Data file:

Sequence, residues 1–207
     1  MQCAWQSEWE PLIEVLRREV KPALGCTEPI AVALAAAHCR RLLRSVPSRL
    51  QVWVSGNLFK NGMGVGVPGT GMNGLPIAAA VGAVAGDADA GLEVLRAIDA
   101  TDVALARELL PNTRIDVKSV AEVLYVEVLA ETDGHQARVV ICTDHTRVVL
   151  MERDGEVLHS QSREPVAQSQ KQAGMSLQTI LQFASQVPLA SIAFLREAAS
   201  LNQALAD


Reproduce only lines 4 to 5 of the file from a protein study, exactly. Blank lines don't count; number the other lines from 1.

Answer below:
   101  TDVALARELL PNTRIDVKSV AEVLYVEVLA ETDGHQARVV ICTDHTRVVL
   151  MERDGEVLHS QSREPVAQSQ KQAGMSLQTI LQFASQVPLA SIAFLREAAS